MEPs must serve citizens - not lobbyists
by Dean Carroll
The European Parliament has approved a strict code of conduct in an attempt to stamp out corruption, in the wake of lobbying scandals that have tainted the reputation of MEPs. The new rules – which come into effect on January 1, 2012 - will mean that parliamentarians will be forced to declare online any appointments as company board members, any paid work such as writing and lecturing amounting to more than €5,000 - and gifts valued at more than €150 must be refused.
Punitive measures for those that breach the code include the forfeiture of the MEP allowance for up to 10 days and the loss of elected positions – such as rapporteur roles - within the EP. An advisory committee will also be created to provide MEPs with detailed guidance and oversee any procedures relating to breaches of the rules. The proposals were approved by 619 MEPs, with two politicians voting against the plan and six abstentions. But campaign group Transparency International warned MEPs that "real change is only achieved if the code is implemented and enforced in a rigorous and transparent manner".
And head of TI's EU liaison office Jana Mittermaier said it was unfortunate that the reforms did not include a "cooling off" provision, to prevent outgoing MEPs moving straight into lobbying jobs once their terms in office expired. The code also failed to include a ban on second jobs or an obligation for politicians to keep a "legislative footprint" record of all significant meetings with individuals and organisations. "The code needs to be accompanied by a strong monitoring procedure to verify financial declarations, clear operating procedures for investigations and strong sanctions," said Mittermaier. "Otherwise it remains an empty shell. Moreover, a regular review of the code will be important to ensure that its provisions are not abused or watered down."
The catalyst for the changes – drawn up in just 10 weeks - was an investigation by British newspaper the Sunday Times, which resulted in the resignation of three MEPs who had allegedly indicated that they were prepared to accept cash payments for altering draft legislation. President of the EP Jerzy Buzek claimed that the new rules would be "a strong shield against unethical behaviour", adding: "Increased power of the EP must be accompanied by increased responsibility and transparency."
Constitutional Affairs Committee chairman and rapporteur Carlo Casini MEP said some commentators had been "unfair critics of MEPs, who have demonstrated with this vote their capacity for self-discipline". He added: "It proves to the public that the parliament is a transparent body there to serve the common good and build a Europe based on freedom and justice. It also shows the renewed commitment by MEPs towards the community that elected them." Meanwhile, EP vice-president for transparency Diana Wallis MEP said anyone contravening the code would "find their names in big, red lights flashing up on the parliament's website", adding: "This will be for all to see, including their own constituents, that they have done wrong."
The Greens-European Free Alliance representative on the working group, which designed the reforms, Claude Turmes MEP claimed that the code would address conflicts of interest and reduce the potential for corruption. "It establishes far-reaching transparency rules for legislators, including detailed declarations of financial interest and steps to prevent conflicts of interest, going beyond most international standards," said Turmes. "The code of conduct cannot simply be left to sit on a shelf. It needs to now be rigorously applied. This means ensuring sufficient human and other resources are allocated to providing meaningful oversight. The incoming EP president must prioritise the strict application and observance of these new rules." And his colleague Gerald Häfner - Green constitutional affairs spokesperson – added: "It will help to prevent misuse of office and unethical lobbying; MEPs should serve their voters and not lobbyists and this code should help restore the confidence of citizens in their elected representatives."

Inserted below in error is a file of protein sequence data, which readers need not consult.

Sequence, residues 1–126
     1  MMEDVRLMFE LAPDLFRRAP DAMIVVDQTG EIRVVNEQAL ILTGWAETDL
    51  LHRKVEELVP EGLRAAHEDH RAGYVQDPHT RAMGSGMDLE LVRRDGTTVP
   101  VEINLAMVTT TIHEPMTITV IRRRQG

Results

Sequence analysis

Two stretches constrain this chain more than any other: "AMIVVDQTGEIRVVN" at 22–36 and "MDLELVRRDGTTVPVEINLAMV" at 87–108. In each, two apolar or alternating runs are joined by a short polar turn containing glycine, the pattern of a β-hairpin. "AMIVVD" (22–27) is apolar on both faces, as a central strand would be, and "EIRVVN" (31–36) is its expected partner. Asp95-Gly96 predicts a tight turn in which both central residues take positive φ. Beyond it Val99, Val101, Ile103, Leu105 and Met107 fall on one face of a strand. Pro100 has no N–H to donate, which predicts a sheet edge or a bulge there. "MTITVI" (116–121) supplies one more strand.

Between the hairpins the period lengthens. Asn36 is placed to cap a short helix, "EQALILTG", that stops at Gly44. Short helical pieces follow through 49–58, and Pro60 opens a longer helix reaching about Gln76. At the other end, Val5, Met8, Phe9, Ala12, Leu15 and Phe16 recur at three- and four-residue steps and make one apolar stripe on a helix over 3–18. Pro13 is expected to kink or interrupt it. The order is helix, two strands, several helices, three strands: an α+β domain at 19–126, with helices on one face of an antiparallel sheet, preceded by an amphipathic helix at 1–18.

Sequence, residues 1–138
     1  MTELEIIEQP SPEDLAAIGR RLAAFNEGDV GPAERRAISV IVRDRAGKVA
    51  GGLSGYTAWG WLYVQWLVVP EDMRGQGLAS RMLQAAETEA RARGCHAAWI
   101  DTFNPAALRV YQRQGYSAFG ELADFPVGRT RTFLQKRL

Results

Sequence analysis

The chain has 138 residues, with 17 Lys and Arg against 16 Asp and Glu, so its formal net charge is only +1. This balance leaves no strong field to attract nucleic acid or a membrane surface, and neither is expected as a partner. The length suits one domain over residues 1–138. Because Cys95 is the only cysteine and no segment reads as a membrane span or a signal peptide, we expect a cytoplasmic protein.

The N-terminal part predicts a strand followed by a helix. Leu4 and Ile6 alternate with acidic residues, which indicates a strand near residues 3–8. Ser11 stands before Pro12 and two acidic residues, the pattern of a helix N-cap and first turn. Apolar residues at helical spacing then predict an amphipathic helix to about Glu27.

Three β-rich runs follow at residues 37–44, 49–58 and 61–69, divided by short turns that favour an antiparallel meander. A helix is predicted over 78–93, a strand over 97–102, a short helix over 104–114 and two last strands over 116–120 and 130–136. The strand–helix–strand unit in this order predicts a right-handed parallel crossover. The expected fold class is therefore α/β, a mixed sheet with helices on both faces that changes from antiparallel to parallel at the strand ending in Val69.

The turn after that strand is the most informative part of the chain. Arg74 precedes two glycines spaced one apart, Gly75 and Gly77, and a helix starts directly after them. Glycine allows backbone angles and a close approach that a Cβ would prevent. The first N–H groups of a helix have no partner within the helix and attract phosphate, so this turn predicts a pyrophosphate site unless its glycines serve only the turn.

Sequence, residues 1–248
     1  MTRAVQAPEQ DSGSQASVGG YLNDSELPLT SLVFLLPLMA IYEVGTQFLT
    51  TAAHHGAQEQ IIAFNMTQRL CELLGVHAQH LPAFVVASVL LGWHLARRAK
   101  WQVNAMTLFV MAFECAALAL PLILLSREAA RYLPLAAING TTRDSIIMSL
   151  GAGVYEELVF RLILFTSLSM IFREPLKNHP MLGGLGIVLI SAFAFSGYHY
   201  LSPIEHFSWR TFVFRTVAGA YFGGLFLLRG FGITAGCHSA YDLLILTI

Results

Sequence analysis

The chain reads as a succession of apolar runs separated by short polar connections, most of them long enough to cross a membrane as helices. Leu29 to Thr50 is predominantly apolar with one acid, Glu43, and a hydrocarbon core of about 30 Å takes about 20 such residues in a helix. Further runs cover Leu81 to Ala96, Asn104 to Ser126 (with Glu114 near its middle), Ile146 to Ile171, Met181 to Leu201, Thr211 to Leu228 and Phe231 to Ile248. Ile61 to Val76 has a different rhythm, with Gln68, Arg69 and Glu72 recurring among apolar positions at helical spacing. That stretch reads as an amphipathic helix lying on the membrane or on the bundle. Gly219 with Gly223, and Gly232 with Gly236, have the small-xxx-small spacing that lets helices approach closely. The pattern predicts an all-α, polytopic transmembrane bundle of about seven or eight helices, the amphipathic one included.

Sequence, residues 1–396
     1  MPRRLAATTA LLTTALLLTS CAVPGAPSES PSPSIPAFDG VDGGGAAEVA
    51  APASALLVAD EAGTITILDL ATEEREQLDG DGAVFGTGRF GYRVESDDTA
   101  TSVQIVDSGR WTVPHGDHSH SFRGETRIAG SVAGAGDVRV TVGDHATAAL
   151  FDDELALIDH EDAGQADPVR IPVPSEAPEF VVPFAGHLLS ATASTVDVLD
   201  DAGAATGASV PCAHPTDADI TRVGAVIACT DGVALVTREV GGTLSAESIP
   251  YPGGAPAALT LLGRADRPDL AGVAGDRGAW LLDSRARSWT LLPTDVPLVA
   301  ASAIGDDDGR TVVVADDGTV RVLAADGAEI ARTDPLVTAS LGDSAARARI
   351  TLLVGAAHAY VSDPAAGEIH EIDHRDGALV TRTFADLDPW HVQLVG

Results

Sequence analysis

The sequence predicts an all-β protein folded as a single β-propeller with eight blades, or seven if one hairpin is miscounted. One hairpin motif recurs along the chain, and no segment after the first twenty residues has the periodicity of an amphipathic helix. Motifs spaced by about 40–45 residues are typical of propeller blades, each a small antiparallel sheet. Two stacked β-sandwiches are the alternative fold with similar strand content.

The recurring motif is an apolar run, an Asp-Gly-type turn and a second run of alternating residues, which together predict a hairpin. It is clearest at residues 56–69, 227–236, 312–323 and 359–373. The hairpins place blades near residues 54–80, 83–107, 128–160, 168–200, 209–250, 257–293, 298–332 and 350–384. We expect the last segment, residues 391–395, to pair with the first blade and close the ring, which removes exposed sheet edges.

The code was cautiously welcomed by the Alliance for Lobbying Transparency and Ethics Regulation in the European Union, which reiterated that the rules could have been more rigorous. Spokesman for the group Olivier Hoedeman said, "We regret the lack of measures to stop MEPs moving into lobbying jobs without a cooling-off period, and the weakening of proposed rules regarding gifts that would allow MEPs to accept paid trips to luxury destinations from interest groups. It is good news that this code has been approved, although we regret that important issues were left out such as the regulation of industry-funded cross-party groups. We will be watching how well the new rules are implemented and advocating for new improvements in the run-up to the review that is planned before the next parliamentary elections."
His colleague at the campaign group Paul de Clerck added: "The ball is squarely in the court of MEPs when it comes to working within the new code, and they will need to do their homework to comply with the new rules. The code's reference to MEPs not receiving external payments to influence parliamentary activities should mean that MEPs with secondary jobs in the lobbying or consultancy fields should quit such jobs. Members will also have to maintain a far more detailed and thorough declaration of their outside financial interests and any conflicts of interest must be ruled out." Libor Roucek MEP of the Party of European Socialists, who sits on the EP Committee on Foreign Affairs, said: "There is a growing gap between the public and the parliament, especially now with the economic crisis. We wanted to show that not all politicians are crooks, that there are morals and ethics in politics."